impeccably neat. From there he heads to the Idea Man’s room, the total opposite. It reminds Alex of his own room, if you removed the toys from the clutter and left only the strewn-about clothes. He wanders into what he calls the Trophy Room. In the daytime, light pours in through the big windows onto shelves of gold statuettes and framed certificates. But now it’s dark and the lights don’t work. Alex still finds the picture he’s looking for and carries it out into the hallway to examine it better. His mom and dad are in the picture together, dressed up and happy. He knows the picture is not from New York but some other place, in a world that’s been lost or drowned. “That’s a very old picture,” says the Idea Man, who has snuck up on him somehow. Alex has not previously thought of the Idea Man as sneaky, but he does notice that he only ever wears socks, which are a serious aid to stealth. Alex notes this, adds it to his conception of the Idea Man. “I’m not in it,” Alex says. This is part of dating pictures for him. That his mom and dad are happy puts an end limit on when the photo can be from, but without himself there as a reference, it’s difficult to narrow the range. “You’re not in lots of my pictures,” says the Idea Man. Alex rolls his eyes, smiling. “Was I born in this one?” “You were born. You were probably three.” “Then where was I?” The Idea Man shrugs. “At home. With a babysitter, I’d imagine. It was late.” With the time zeroed in on, Alex looks closer at the background. The not-New Yorkness is evident. The building behind them looks like a sultan’s palace, and is lined with palm trees. “Where are you guys?” he asks. “We’re at the Emmys,” says the Idea Man. “The last good time.” “You all have statues,” Alex points out. “We all won.” “Except the one lady,” says Alex, pointing to the short blonde woman standing next to the Idea Man in the photo. “There is no award for any of the things she did,” the Idea Man says. “There should have been.” “She was your wife,” Alex deduces. He is not much of a detective, and he knows it. Not just because whenever he fails to find something, a book he’s looking for or a toy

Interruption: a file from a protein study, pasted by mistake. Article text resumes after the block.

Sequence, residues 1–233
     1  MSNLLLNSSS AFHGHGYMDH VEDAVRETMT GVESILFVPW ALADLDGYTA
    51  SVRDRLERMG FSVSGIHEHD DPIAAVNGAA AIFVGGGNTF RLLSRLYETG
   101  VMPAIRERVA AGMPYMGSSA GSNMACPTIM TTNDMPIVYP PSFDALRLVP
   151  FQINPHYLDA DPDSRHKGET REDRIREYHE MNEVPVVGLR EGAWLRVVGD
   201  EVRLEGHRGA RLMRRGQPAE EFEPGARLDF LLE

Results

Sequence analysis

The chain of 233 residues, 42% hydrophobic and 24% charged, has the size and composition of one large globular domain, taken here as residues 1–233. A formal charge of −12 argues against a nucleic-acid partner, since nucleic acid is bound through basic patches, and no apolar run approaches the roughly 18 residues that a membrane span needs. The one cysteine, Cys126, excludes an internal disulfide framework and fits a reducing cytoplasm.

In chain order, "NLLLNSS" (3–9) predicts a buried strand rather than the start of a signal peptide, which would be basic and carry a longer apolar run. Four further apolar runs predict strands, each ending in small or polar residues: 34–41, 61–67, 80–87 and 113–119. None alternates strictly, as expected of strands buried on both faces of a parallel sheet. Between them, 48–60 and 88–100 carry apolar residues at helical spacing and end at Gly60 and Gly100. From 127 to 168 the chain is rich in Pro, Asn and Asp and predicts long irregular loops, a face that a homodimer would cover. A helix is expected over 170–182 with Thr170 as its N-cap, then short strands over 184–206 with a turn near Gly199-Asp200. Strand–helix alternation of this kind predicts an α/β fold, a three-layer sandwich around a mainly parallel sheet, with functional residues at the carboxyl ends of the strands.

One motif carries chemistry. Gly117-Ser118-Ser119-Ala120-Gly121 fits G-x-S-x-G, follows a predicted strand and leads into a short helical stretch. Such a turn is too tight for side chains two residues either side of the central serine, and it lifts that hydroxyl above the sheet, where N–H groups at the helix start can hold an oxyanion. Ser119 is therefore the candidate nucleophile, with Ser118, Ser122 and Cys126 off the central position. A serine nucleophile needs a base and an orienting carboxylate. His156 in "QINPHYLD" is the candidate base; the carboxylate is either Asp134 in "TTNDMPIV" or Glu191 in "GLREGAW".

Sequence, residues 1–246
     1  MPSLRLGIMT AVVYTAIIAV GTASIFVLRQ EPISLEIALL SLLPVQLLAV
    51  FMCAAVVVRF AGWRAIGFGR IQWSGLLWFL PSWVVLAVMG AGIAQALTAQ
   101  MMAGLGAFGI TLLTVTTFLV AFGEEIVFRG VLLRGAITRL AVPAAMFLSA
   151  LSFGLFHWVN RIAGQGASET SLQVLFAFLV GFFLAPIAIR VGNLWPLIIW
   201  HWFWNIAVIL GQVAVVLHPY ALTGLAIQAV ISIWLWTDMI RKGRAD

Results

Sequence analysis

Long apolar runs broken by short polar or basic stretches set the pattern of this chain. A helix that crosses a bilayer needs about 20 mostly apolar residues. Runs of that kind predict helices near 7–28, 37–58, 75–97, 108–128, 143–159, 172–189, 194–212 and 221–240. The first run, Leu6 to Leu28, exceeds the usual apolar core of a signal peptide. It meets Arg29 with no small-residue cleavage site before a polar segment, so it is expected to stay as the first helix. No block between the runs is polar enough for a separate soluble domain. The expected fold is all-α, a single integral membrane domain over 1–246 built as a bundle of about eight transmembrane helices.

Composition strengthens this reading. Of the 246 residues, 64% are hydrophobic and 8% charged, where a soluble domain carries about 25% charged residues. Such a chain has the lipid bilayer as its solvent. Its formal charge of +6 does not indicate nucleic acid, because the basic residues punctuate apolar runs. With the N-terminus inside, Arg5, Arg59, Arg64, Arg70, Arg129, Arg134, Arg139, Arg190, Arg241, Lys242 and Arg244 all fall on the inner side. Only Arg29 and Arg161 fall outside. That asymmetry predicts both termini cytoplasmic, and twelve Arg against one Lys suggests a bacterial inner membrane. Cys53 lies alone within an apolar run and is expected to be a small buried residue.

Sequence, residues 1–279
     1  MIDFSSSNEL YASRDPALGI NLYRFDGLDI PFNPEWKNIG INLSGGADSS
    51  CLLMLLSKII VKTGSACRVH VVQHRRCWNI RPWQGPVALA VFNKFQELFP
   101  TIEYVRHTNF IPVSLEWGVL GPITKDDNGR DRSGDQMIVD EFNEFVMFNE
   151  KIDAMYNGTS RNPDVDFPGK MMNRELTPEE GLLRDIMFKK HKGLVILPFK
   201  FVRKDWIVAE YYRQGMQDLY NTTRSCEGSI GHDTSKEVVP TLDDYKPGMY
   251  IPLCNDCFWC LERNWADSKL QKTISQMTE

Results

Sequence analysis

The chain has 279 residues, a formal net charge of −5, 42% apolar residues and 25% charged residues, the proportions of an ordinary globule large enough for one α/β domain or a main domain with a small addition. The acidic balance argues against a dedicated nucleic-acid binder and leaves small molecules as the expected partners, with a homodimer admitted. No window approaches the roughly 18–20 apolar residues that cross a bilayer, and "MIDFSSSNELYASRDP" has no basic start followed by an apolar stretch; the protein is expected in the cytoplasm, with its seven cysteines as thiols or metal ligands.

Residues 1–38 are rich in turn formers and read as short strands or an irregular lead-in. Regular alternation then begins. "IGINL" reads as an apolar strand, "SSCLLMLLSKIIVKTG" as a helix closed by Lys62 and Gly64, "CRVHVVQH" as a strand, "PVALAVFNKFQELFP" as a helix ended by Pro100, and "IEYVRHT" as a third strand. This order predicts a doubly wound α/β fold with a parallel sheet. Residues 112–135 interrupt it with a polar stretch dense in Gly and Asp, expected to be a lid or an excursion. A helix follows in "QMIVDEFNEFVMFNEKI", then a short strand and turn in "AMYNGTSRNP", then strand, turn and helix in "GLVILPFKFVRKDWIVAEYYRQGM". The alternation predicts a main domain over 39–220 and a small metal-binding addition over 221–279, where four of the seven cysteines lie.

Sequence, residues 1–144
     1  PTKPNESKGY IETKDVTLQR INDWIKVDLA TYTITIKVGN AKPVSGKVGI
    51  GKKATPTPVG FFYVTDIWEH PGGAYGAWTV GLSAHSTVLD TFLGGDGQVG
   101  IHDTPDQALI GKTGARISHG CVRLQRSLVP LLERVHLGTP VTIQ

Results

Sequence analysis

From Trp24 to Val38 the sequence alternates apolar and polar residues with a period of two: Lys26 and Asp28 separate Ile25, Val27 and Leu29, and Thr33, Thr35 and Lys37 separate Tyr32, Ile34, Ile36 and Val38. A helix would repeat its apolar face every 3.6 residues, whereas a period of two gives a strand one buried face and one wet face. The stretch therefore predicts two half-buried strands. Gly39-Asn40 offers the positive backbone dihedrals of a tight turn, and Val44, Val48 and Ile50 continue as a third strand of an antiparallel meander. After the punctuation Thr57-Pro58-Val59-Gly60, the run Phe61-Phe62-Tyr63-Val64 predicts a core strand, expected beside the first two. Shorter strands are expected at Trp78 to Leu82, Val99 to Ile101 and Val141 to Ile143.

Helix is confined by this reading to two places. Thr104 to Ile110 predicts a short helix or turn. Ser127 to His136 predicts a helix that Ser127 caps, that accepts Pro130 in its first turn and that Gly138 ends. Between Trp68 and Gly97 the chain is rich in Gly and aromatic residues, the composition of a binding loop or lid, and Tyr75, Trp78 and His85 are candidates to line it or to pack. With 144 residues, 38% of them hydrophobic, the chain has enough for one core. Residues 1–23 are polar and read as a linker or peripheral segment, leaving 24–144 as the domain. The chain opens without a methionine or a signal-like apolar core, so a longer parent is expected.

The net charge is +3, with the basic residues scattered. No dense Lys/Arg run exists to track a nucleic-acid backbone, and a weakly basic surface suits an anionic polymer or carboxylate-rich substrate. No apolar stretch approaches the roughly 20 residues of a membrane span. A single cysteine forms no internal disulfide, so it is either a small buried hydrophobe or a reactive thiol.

left somewhere in the house and his mom finds it instantly, she says, “Not much of detective, are you?” But because as he gets older, certain skills, like detectiving, fall away, a trade off for other skills getting better. He used to think of himself as a really good dancer and piano player. Now he doesn’t dance anymore, but he plays piano a lot better than he used to. He wonders what skill he’s traded detectiving for and hopes it will be a worthwhile trade. “You remember her?” asks the Idea Man. “A little,” Alex says. “She was pretty. She was nice.” He remembers the Idea Man’s wife giving him cake, although he can’t remember the occasion. She would sing, too. Sometimes she and his mom would sing together. But he can’t remember the last time his mom sang. Maybe she traded singing for something else. “She was pretty,” says the Idea Man. “She was nice.” “She died?” Alex asks. “She died,” says the Idea Man. He is looking at the photo now with the same face his mom gets sometimes, a face that makes Alex feel like he’s not really in the room. He wants to bring the Idea Man back out of the photo, but doesn’t know the magic words to do it. “How long after this?” he asks. This pushes the Idea Man even deeper into the photo. “Exactly one year,” the Idea Man says. “One year after that night.” “Were my mom and dad there when she died?” “They were. We all were.” “But none of you could help her?” Alex thinks he knows the answer to all these questions, like he’s heard the whole story somehow without anyone really telling it to him. It’s like a book he’s read over someone’s shoulder without them knowing. “We all tried,” says the Idea Man. “I was—I was hurt. There wasn’t anything I could do.” Alex knows this feeling. It is pretty much the worse feeling there is, and he is feeling a little bit of it right now. Because he wants to help the Idea Man feel better, but he doesn’t know how and there isn’t anything he can do either. “You must miss her a lot,” Alex says. “Only when I think about her.”